3. Hamranhansenhansen

    > I don’t have the equipment on hand anymore to test
    > this, but the video below, linked to by an expert
    > on antennas (via Daring Fireball), seems to show
    > the behavior I would expect.

    A major problem with this issue has been people looking at videos that “seem to show” something or other. Is this video in a 1900MHz cell, or an 850MHz cell? The 1900MHz cells are easier to block with a wall or hand, they were designed only to be used outdoors. There is way too much complexity for YouTube to be helpful at all.

    Me and my friends are having no trouble with iPhone 4. We find it has better reception than previous iPhones. And none of us have cases.

  4. Some people continue saying that the hand is not a very good conductor. While that may be true, it explains why holding the iPhone 4 so that your hand bridges the small gap in the lower left will cause the antenna to change its characteristics. If the hand were a good conductor, then it would not matter where you hold the iPhone 4, you would make a connection between the antenna segments. Take a piece of copper wire or other conductor and touch the opposite sides of the phone with the bare ends. The same drop in signal will occur. The key is only a convenient conductor. And all of this I have discussed since that notoriously long MacRumors article with its 2500-plus postings more than a week ago.

  5. Hashish al-Jihadi

    Okay let us stop beating this dead horse already. Steve has spoken. Antenna-Gate is officially OVER !
    Next iteration of iPhone will get antenna redesign because it is required for LTE radio. So this will soon be totally forgotten once we all move rapidly to 4G (WiMax -or- LTE).
    Bumper Case was an awesome and cheap solution, no recall was needed, Steve is hero once again, next iPhone will be even better, nobody returning iPhone4 because alternative phones are inferior. IT’S ALL GOOD PEOPLE. SHALL WE MOVE ON THEN. LET’S GO. I WILL SEE YOU ON THE OTHER SIDE.

  6. Apple still hasn’t got the guts to admit that they really screwed up.

    Instead, they adjust their software so that you don’t see the bars dropping any more.

    To bridge the gap until everyone has the 4.1 software, they give out free bumpers until september.

    Way to go Apple… you’re just lucky that the competition is still so far behind. In a year or two, this kind of screwup will really cost you…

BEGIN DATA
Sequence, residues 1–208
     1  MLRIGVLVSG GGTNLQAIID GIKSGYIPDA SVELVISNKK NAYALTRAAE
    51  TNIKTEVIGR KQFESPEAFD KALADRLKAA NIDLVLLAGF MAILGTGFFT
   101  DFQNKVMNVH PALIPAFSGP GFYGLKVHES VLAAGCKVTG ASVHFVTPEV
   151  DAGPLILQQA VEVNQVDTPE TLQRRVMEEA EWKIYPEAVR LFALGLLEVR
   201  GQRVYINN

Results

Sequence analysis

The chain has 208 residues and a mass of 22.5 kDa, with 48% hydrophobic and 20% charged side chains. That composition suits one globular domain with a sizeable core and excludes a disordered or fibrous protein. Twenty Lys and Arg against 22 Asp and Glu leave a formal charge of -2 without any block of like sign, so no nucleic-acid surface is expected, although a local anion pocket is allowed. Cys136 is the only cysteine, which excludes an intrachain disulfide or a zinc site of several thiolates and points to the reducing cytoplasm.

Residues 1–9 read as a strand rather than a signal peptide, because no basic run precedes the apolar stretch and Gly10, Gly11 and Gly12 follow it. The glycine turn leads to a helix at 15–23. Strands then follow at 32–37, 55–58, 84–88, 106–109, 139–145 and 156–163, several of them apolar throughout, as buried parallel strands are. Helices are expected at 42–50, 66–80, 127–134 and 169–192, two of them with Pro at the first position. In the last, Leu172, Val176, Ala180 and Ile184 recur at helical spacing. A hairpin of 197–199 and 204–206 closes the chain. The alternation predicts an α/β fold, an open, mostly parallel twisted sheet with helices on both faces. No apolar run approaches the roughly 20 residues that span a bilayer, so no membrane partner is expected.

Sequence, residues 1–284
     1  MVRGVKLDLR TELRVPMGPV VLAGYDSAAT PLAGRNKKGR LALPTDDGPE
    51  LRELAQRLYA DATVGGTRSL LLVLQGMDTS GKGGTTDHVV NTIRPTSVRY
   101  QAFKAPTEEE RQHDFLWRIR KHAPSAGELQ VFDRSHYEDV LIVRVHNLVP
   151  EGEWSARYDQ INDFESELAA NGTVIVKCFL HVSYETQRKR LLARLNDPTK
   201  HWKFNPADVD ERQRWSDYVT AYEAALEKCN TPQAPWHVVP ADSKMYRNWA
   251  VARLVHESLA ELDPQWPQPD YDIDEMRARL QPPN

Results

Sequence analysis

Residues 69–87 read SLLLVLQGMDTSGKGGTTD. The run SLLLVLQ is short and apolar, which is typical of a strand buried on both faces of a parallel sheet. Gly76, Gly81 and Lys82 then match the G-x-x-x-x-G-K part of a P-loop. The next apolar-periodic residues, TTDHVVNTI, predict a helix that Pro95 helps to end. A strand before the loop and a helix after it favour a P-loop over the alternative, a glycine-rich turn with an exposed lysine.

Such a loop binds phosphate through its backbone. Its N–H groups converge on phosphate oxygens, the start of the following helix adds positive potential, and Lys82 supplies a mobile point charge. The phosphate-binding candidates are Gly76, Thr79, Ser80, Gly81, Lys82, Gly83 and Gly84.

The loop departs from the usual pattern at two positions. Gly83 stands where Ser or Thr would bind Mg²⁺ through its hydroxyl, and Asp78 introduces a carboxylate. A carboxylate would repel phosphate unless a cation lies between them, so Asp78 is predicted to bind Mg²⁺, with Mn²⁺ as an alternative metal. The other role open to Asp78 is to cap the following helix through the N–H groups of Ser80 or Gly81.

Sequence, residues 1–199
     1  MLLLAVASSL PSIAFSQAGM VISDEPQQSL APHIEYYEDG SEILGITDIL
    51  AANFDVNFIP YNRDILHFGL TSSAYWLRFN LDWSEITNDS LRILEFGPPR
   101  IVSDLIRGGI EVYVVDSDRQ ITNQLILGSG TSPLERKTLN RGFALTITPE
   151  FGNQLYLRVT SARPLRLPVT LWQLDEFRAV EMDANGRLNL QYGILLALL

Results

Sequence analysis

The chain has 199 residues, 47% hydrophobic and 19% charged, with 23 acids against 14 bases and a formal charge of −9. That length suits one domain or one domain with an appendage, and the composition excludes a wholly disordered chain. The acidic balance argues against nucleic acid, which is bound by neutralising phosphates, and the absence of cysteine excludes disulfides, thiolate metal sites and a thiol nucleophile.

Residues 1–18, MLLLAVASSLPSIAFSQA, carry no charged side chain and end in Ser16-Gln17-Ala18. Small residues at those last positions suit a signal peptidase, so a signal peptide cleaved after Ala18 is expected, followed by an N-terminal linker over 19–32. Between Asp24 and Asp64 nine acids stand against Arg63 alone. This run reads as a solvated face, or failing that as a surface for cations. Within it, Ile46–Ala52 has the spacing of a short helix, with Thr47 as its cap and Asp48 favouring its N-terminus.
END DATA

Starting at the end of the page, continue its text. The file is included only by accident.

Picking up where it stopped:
7. I don’t have an iPhone 4. Not yet. I’m bound to go for one once it is released over here in Switzerland. The past few weeks and the discussions in the US have offered me with quite some insight about the whole antenna issue. Now, don’t slate for coming across as slightly ignorant or foolish, but when you have a cell phone that sells more than one and half a million within the first two weeks of its release and then see an inofficial (?) number of 16’000 people having problems with the antenna and/or reception, it baffles me how so many tech sites can “make an elephant out of a fly” like we tend to say over here. Yes, it is an issue. To some. But the heated way this is being discussed and the coverage it is getting has me chuckling. Yes, I do expect Apple to come out with great products every year or so. But they’re not perfect. You can have the smartest bunch of engineers in the room (like the many PhD’s in Cupertino), they’re still prone to errors. Criticism where criticism is due, but keep it fair, peeps – like others have stated, I’d love to see more of Apple’s competitors’ products flaws exposed, as well. The way some bloggers and tech-nerds are dissecting every screw and chip in the iPhone borders on the obsessive-compulsive. I’d also like to point out that some, yes SOME, of the problems surrounding bad reception very probably also have to do with AT&T’s network coverage, which from my own experience, can be laughable at times. And they haven’t been there since yesterday. In these turbulent times, what strikes me most -and this is a more general observation – is that phones, like many other gadgets or accessories, are supposed to supplement a certain lifestyle or image and if the accessory suddenly doesn’t live up to the (high) expectations, especially with Apple because they’re oh so trendy if you want to believe the hype, it’s treated like a new form of a venereal disease – and people should be more concerned about the latter, really. Some folks just don’t seem to get their priorities right these days. Relax. Get a grip. Or get a free bumper.

  8. It gets boring! I can’t hear it anymore. I didn’t buy an iPhone (because of the carrier-enforcement), but I tested my Sony Ericsson Naite. Guess what: Apple is right. It’s the same with a non-iPhone.

    So please – stop that ennoying “news” about the iPhone antenna. If someone don’t like it – bring it back (jep, like in that song). I would like to read something new here besides.

  9. Apple does the only logical thing: solving the antenna problem for current iPhone owners (problem perceived, real, or imposed on you by media) and shutting up about future redesign. Talking about a redesign being around the corner would severely reduce sales, to state the obvious. And that would be pointless for the best gadget ever made. And for most of us, the best mobile phone as a phone we’ve ever had.

  10. Crusader

    My god some of you people are just missing the point. Apple products are supposed to *just work*, period. If I’m feeling anxious about using an iPhone 4 then Apple has seriously failed and that quality issue need to redressed. Not calling people names or “fandroids” or any other such nonsense. There is nothing magical about wondering if holding the phone in the “wrong” way is gonna drop your call.

  11. Wow, what a response! I hope I’ve answered most of your questions in my replies to your comments. I admit that it’s been a long time since my radioman days, and it’s quite possible that my theory is wrong. What I was hoping to spur here was a technical discussion about cellular antennas, their design, and how placing the iPhone 4 antenna on the outside of the case affects its use. Thank you all for taking the time to respond and share your thoughts.